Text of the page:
Issue 14 / 5 October 2010

OCCASIONALLY landing on my desk are communications that focus on how well we are travelling in these modern times.

Among these have been two reports focusing on persistent stress and its twin, procrastination.

The former was Lifeline’s media release of its annual stress poll for 2010 conducted by Newspoll (1 July), which estimated that 90% of Australians were experiencing stress.

Indeed, 43% of Australians, just short of 9.5 million of us, were found to be very stressed!

Surprisingly, despite our “She’ll be right, mate” culture, we appear to be more stressed than Americans; a comparable poll in the United States revealed that 75% of its people were stressed, with 25% experiencing high levels of stress.

Significantly, the most important stressor for Australians is their work, with 74% of those employed finding work stressful and 23% finding it very stressful.

It would seem we are all drowning in oceans of occupational stress.

Some time before this, my attention was drawn to a commentary that explored the phenomenon of chronic procrastination.(1)

Evidently, this affliction is even more common than depression. Sadly, however, it can actually lower self-esteem, cause insomnia and, when intractable, bring on depression.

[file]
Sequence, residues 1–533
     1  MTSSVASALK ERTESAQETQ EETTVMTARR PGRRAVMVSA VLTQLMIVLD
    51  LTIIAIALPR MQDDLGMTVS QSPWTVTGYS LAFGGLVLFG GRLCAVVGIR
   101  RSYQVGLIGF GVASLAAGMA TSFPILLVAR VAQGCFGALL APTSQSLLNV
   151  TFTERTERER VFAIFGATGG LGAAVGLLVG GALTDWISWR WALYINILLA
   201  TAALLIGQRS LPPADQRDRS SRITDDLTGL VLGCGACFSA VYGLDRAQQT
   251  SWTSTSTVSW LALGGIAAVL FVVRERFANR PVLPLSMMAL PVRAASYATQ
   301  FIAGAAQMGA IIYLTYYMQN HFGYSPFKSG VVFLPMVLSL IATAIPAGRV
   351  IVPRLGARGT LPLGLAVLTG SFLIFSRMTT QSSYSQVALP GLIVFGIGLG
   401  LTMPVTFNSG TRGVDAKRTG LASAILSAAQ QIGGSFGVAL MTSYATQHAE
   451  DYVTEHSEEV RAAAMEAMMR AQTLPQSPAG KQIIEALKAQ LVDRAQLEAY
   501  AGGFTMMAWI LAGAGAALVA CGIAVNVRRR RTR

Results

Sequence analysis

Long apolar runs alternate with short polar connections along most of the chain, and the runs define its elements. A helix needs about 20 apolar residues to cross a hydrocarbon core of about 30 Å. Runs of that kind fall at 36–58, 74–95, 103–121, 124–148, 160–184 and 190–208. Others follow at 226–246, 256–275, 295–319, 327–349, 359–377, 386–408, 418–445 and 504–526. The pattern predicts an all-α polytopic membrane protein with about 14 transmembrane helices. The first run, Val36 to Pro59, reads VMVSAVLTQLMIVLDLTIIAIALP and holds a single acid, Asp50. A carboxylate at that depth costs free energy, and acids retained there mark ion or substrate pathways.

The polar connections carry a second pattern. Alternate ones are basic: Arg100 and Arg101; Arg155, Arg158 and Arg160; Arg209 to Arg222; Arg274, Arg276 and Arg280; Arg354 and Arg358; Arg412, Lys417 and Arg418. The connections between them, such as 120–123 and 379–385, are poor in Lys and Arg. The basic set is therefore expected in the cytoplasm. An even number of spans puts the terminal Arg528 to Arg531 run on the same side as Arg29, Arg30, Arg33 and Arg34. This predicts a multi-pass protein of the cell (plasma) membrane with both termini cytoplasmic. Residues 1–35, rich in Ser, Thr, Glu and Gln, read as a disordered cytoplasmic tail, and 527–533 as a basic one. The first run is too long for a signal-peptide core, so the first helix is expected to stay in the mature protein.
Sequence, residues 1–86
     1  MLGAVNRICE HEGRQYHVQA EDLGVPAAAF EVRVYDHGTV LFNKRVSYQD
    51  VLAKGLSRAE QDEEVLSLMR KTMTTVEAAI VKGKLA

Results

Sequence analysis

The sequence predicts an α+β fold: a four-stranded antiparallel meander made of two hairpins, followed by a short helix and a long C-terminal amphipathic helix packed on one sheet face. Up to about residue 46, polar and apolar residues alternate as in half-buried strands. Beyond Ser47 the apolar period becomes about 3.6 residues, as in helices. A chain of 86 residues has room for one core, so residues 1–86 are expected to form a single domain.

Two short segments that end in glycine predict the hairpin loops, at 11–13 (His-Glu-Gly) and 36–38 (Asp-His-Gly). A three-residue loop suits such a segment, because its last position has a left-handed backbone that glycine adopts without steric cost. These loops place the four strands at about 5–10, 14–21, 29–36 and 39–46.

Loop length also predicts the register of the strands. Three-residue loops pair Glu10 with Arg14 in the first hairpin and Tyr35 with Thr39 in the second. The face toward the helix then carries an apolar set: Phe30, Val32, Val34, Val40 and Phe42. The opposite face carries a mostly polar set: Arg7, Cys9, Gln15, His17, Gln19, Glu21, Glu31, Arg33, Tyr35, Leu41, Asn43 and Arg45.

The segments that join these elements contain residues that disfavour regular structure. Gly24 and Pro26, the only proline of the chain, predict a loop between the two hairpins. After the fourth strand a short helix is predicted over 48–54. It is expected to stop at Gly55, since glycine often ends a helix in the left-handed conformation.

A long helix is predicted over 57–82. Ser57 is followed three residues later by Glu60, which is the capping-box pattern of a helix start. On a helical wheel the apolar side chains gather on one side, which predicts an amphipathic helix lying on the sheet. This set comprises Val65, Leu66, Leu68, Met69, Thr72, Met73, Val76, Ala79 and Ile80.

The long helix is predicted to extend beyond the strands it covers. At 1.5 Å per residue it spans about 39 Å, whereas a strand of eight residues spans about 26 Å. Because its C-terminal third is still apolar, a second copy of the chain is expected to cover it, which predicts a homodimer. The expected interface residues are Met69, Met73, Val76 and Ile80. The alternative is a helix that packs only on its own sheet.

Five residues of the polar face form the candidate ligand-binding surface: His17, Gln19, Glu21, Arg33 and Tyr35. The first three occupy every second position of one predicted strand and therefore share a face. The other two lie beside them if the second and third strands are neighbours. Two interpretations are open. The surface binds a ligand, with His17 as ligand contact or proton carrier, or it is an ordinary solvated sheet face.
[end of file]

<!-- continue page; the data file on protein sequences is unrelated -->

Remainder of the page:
According to a US academic who has studied the problem, the social and economic implications of procrastination are massive.

Why, you may well ask, are we so burdened and not able to cope? Is it the pervasive Protestant work ethic?

Or is it the demands of an increasingly impatient and invasive society, wherein we are constantly exposed to the insistence of instant communication — emails, mobile phone calls and text messages — and an insatiable culture that expects everything to be done yesterday?

Could procrastination simply be a refuge from the pressures of this instant way of life?

Modern medicine regales us with acronyms, such as PTSD, OCD and others. Should we now add another: MSPD — modern stress and procrastination disorders?

Or should we accept these phenomena as part of daily living and resist the temptation to medicalise normal human experiences and reactions?

Dr Martin Van Der Weyden is the Editor of the MJA.

This article is reproduced from the MJA with permission.

1.   Smith R. Oh, I’ll do it tomorrow. J R Soc Med 2008; 101: 478.


Med J Aust 2010; 193; 377.


Posted 5 October 2010

5 thoughts on “Martin Van Der Weyden: A cure for stress? No worries

  1. Dr Joe says:

    Hear hear!! The medicalisation of behaviour needs to be stopped. We have experiences in life and we react to these.Some make us happy ,some sad,some stressed.This is NORMAL and needs to be seen as such. Giving it a label and making it a disease achieves nothing other than to dis-empower people by telling them they have a disease when all they need to do is get on with life.

  2. Glen Smith says:

    Maybe the question is what is the source/root cause of the problem?
    1. Work
    2. Poor work environment
    3. Lifestyle
    4. Demands
    5. Other possibilities

    Maybe by knowing the root of the problem we will be able to identify the solution.
    This may be
    1. Resolved in the workplace
    2. Medicalistaion